Suggested Searches

2 min read

NASA Invites Media to Next Test of Orion Spacecraft Parachutes

Orion Capsule Parachute Assembly System (CPAS) drop test using the Parachute Test Vehicle at the U.S. Army's Yuma Proving Ground
Orion Capsule Parachute Assembly System (CPAS) drop test using the Parachute Test Vehicle at the U.S. Army Yuma Proving Ground in Arizona, Dec. 2012. Credits: NASA

NASA is inviting media to attend a test of the Orion spacecraft’s parachutes on Wednesday, March 8, at the U.S. Army’s Yuma Proving Ground in Arizona. Orion is scheduled for its second airdrop test, in a series of eight, to qualify the parachute system for crewed flights.

Media will have the opportunity to interview Orion engineers, see the model up close and view the test from the drop zone. To attend, media must contact Laura Rochon at by 1 p.m. EDT on Thursday, March 2.

During the test, an engineering model of the Orion spacecraft will be dropped from a C-17 aircraft flying at an altitude of 25,000 feet. This test will simulate a descent sequence astronauts might experience if they have to abort a mission after liftoff. The test sequence begins under simulated abort conditions when Orion is traveling at the relatively slow speed of about 130 mph, as compared to 310 mph for a normal end of mission Earth re-entry.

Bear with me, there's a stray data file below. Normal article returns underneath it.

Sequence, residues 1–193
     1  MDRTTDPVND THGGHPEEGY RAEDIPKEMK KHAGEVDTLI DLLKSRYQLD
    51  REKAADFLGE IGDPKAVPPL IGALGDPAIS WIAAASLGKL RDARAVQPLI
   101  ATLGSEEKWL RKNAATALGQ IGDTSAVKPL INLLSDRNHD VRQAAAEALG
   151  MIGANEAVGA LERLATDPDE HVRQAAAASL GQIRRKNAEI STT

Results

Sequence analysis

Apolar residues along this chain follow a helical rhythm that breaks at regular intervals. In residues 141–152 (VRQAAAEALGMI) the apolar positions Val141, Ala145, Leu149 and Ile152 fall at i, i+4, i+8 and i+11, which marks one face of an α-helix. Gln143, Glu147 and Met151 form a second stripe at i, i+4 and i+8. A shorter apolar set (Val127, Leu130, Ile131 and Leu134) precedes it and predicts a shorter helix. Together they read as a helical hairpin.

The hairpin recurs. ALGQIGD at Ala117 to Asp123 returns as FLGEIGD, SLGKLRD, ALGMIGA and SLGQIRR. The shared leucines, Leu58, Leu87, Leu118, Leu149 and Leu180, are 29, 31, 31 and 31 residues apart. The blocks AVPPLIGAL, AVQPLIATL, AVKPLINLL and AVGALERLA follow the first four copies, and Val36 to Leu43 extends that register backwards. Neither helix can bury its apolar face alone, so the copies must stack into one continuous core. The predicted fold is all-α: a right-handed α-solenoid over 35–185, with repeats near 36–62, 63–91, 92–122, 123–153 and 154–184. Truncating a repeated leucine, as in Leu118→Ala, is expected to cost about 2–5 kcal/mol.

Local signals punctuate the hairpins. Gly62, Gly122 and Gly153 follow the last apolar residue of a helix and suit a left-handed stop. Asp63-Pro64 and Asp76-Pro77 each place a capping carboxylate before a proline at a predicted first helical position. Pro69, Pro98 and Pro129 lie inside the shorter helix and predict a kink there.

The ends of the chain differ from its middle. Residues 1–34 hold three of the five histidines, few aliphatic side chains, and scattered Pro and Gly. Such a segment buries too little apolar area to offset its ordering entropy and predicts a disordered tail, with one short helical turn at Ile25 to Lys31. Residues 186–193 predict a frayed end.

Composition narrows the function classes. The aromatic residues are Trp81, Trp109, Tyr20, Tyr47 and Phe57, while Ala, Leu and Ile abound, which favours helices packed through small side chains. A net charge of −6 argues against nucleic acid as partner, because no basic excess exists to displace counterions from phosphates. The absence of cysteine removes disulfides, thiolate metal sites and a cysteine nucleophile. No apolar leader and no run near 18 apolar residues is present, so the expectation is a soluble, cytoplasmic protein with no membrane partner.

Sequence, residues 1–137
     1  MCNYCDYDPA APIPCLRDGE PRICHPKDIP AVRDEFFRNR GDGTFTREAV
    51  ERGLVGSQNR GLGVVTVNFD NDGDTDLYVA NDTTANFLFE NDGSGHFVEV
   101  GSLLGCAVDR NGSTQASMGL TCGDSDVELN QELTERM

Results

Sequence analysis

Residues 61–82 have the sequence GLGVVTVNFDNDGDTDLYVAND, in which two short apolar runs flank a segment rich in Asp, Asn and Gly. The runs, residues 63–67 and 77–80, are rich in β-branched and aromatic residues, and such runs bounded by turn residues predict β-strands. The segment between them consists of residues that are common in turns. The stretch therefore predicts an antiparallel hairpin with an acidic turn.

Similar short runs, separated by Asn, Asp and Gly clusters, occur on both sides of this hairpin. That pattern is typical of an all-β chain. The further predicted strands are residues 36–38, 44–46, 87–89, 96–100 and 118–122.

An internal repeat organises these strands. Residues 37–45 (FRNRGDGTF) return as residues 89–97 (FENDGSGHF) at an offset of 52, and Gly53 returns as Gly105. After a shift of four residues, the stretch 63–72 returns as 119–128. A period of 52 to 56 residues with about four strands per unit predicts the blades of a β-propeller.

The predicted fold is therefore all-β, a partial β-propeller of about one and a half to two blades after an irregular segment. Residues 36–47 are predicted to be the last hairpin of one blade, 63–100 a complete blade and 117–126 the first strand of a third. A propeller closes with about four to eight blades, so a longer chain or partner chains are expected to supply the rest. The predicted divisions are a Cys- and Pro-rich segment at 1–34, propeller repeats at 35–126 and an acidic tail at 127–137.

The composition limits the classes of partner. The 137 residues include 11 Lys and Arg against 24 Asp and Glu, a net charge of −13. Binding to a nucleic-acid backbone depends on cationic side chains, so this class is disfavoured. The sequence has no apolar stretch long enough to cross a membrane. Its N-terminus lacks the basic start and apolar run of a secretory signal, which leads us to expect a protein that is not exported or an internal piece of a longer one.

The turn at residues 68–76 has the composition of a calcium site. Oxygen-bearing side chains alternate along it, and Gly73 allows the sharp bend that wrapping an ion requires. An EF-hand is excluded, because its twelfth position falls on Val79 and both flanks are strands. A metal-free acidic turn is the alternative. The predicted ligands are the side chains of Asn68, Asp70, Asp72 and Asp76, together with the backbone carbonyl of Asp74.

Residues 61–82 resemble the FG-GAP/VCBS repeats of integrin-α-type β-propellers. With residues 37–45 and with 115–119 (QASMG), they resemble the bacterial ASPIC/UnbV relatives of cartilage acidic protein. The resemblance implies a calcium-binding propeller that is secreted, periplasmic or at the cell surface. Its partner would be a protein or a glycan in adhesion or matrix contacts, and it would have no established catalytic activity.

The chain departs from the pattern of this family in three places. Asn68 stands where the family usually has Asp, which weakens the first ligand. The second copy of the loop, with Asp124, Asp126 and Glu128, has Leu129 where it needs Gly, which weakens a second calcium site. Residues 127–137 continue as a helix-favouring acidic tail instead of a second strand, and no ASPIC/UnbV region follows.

The team will focus on two primary aspects of system performance in this scenario: deployment of Orion’s two drogue parachutes at low speeds, and deployment of its three main parachutes in preparation for landing.

Orion’s parachutes are critical to the safe return of the spacecraft to Earth, whether during an abort sequence or at the end of a successful deep space mission. They help stabilize and slow the crew module to about 20 mph, enabling a safe splashdown in the ocean.

Orion is built to take astronauts farther into the solar system than ever before. The spacecraft will carry astronauts to space, provide emergency abort capabilities, sustain the crew during their mission and provide safe re-entry through Earth’s atmosphere.

Find more information about Orion at:


Kathryn Hambleton
Headquarters, Washington
Laura Rochon
Johnson Space Center, Houston